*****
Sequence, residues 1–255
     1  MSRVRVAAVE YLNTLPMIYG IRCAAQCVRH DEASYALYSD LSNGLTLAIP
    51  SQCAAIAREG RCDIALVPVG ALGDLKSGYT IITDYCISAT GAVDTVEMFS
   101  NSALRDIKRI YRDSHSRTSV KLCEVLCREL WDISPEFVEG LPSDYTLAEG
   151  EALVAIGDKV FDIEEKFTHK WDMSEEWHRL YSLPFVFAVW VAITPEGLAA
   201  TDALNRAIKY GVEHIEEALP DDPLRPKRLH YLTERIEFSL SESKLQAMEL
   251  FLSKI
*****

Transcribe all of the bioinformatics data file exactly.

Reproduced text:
Sequence, residues 1–255
     1  MSRVRVAAVE YLNTLPMIYG IRCAAQCVRH DEASYALYSD LSNGLTLAIP
    51  SQCAAIAREG RCDIALVPVG ALGDLKSGYT IITDYCISAT GAVDTVEMFS
   101  NSALRDIKRI YRDSHSRTSV KLCEVLCREL WDISPEFVEG LPSDYTLAEG
   151  EALVAIGDKV FDIEEKFTHK WDMSEEWHRL YSLPFVFAVW VAITPEGLAA
   201  TDALNRAIKY GVEHIEEALP DDPLRPKRLH YLTERIEFSL SESKLQAMEL
   251  FLSKI